It had been almost an entire day of airports and flying, to get from Cape Town to the little runway clearing in the middle of the bush somewhere in the Selous Game Reserve in southern Tanzania. The final part of the trip, having cleared Dar es Salaam’s passport control chaos, involved an exhilarating hour-long trip in a 12-seater Cessna. The tiny twin-propeller plane flew close enough to the ground for us to scan the earth for animals as we sailed over hundreds of kilometres of uninhabited, persistent emptiness. We touched down in the heart of a place untamed and utterly wild save for a small welcoming party huddled beneath the thatched ‘airport’ lounge at the edge of the runway.
As we clocked the surrounding bush and watched impalas and zebras saunter back onto the runway where they’d been grazing before our plane scared them off, it was as though time had stopped and all I could hear was that low, shrill buzz of insect life.
Azura Selous, the boutique lodge that was to be our home for the next few days, was a short drive from the runway, set on the banks of the Great Ruaha River, just back from a section of rapids that made the fast-flowing water roar like the ocean. The main part of the lodge was centred on a pool surrounded by a tanning deck and lounges furnished with comfy sofas and daybeds. Hippos could constantly be seen wallowing and belly-flopping while their ceaseless guffaws resounded like some weird river disco that was to be the soundtrack of our stay.
Along with welcome drinks and warm smiles, we were given a briefing to introduce us to a part of the world that’s always been overshadowed by Tanzania’s more famous wildlife destinations, like Ngorongoro and the Serengeti. Selous is a 5.46 million hectare game reserve – larger than Switzerland and three times bigger than Kruger. It’s been a UNESCO World Heritage Site since 1982, and the area was first set aside for conservation in 1896 when Tanzania was still under German colonial rule, making it the oldest reserve in Africa, and second only to Yellowstone National Park in the world.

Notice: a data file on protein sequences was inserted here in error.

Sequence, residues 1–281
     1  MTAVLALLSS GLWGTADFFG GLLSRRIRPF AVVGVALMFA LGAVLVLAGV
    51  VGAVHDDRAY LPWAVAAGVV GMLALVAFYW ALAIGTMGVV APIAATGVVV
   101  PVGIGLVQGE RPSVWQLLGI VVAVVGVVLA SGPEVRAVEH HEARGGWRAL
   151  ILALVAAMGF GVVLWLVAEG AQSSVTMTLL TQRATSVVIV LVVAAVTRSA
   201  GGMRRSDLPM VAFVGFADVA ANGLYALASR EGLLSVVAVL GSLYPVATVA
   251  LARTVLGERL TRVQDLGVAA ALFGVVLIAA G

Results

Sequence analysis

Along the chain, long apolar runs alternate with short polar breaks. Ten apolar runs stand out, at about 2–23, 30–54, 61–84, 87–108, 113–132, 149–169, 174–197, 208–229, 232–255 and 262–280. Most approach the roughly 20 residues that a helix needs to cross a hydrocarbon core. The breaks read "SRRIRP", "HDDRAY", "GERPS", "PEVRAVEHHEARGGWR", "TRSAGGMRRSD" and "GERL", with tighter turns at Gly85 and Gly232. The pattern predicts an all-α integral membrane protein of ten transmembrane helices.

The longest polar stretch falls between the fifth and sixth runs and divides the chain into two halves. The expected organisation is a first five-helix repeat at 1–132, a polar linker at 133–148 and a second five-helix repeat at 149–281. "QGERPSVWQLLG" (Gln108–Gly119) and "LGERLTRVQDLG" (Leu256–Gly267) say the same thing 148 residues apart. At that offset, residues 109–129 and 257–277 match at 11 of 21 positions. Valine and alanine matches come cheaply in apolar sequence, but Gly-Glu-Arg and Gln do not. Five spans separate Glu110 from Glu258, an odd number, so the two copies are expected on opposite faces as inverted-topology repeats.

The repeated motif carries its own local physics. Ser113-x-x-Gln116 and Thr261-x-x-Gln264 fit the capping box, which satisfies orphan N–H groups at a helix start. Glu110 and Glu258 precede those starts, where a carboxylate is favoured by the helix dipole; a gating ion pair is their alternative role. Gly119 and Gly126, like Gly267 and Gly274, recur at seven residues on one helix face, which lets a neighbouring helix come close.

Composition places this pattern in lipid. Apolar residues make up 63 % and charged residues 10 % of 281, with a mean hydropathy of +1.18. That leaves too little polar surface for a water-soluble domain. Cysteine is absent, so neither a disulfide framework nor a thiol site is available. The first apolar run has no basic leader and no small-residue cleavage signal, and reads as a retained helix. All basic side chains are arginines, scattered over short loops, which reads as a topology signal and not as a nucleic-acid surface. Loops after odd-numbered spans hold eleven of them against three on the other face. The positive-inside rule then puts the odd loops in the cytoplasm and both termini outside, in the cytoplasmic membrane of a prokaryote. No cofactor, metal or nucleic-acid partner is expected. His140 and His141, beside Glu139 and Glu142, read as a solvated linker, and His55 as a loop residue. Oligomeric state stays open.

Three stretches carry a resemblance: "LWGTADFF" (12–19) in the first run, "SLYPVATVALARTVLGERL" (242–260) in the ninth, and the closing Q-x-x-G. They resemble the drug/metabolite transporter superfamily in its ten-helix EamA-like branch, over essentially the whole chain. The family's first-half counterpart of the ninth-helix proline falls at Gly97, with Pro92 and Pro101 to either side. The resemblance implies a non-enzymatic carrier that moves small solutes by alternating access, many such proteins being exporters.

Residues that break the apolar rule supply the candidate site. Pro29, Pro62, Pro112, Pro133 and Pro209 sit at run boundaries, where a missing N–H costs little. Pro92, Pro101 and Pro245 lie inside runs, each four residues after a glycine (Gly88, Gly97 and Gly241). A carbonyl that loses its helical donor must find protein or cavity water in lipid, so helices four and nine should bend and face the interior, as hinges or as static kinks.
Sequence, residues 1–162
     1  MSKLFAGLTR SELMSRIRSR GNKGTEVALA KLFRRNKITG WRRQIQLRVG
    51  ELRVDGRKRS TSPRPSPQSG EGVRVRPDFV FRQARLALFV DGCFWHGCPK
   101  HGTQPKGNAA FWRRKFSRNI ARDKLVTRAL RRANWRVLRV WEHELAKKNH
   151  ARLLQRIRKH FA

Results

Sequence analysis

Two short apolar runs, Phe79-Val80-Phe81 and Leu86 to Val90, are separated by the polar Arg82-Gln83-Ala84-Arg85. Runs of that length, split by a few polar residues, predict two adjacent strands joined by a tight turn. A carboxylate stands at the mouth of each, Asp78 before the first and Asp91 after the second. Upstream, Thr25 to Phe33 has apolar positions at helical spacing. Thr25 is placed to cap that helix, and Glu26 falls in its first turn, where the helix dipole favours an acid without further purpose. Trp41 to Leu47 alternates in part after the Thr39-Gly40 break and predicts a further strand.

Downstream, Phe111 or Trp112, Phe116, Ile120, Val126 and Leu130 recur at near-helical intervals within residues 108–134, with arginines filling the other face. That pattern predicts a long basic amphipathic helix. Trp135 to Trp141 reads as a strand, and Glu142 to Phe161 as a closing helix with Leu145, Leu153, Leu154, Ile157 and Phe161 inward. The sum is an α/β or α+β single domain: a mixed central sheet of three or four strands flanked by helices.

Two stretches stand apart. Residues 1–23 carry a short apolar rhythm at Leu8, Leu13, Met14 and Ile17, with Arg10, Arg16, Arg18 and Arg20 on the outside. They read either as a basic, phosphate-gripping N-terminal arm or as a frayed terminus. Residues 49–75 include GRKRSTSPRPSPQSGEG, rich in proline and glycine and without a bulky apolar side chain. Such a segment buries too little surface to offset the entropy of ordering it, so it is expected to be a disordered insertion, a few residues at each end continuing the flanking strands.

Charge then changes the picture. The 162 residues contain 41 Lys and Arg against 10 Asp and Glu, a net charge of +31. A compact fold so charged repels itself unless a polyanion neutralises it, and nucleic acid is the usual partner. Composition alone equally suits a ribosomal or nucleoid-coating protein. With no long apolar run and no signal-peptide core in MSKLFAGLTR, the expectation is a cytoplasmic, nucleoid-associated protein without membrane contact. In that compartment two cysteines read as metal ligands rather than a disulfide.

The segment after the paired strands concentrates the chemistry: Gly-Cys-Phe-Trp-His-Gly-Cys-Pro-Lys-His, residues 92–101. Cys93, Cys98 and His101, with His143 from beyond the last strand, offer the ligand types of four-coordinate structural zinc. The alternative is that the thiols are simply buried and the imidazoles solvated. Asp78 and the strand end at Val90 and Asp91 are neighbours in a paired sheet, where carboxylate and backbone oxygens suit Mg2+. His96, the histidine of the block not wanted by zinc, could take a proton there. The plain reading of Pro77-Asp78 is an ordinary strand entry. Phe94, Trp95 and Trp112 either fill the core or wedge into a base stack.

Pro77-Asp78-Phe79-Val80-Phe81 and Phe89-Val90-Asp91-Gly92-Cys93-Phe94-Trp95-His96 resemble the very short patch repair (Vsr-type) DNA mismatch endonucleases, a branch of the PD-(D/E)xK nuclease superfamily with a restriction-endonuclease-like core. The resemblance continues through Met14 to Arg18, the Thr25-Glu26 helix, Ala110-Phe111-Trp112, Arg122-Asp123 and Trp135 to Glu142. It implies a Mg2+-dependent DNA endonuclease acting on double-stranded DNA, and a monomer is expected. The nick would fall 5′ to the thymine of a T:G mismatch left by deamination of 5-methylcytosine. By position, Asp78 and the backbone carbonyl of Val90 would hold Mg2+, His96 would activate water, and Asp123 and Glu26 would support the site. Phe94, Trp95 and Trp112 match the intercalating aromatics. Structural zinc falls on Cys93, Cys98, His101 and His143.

The nearest human habitation was more than six hours away by road, we were told, which meant that the mere fact of the lodge’s existence was something of a small miracle. There was no such thing as popping next door for sugar or bottles of wine.
The priority, though, right then, was getting settled into our suite which was at the end of a pathway that skirted through the bush several minutes from the main lodge. Our free-standing villa, far from its nearest neighbour, had domed roofs like termite mounds. A clever combination of canvas and concrete, wood and fly-net, it was constructed on a stone plinth with a separate entrance hall and a very large and beautiful bathroom designed so that we constantly had an outside view. And beyond the indoor bathroom was another one – outside – with a shower designed like a cascading waterfall, plus a huge bath tub for soaking under the stars.
The canvas flaps of the bedroom led onto a large private patio with an oversized plunge pool and tanning area all of which faced directly towards the river and was entirely surrounded by the enfolding bush. Neither ostentatious nor rustic, it was deftly designed with lots of coir mats and handwoven baskets set against the stone floors, and there were armchairs with footstools, a cooler box in lieu of a minibar and instead of a phone, a two-way radio in case of emergencies.
Beyond our terrace and front door, it was pure, unadulterated bundu. One thing we’d been repeatedly told – we were not to walk around alone after dark.
Our tall, nimble Maasai askari arrived at the appointed time and escorted us back to the main lodge for pre-dinner G&Ts and then we were led to a clearing near the river’s edge where we were served feta and spinach parcels, grilled fish with pineapple relish, and thick slabs of game meat, followed by a dark and rich chocolate torte. All the while, yellow wing bats soared overhead and hippos grunted and chuckled nearby.
At dawn, we joined the others on the Land Rover and spent a long and wondrous morning bumping and grinding over makeshift roads that had been carved through the bush. We snuggled under a blanket on the back seat, staring out into the soft dawn light as we cruised through an ever-changing mix of biomes. There were rolling hills and undulating plains, vast patches of wild grass that looked like they’d been freshly mowed, thickets and forests, swamps and ravines and rivers of sand.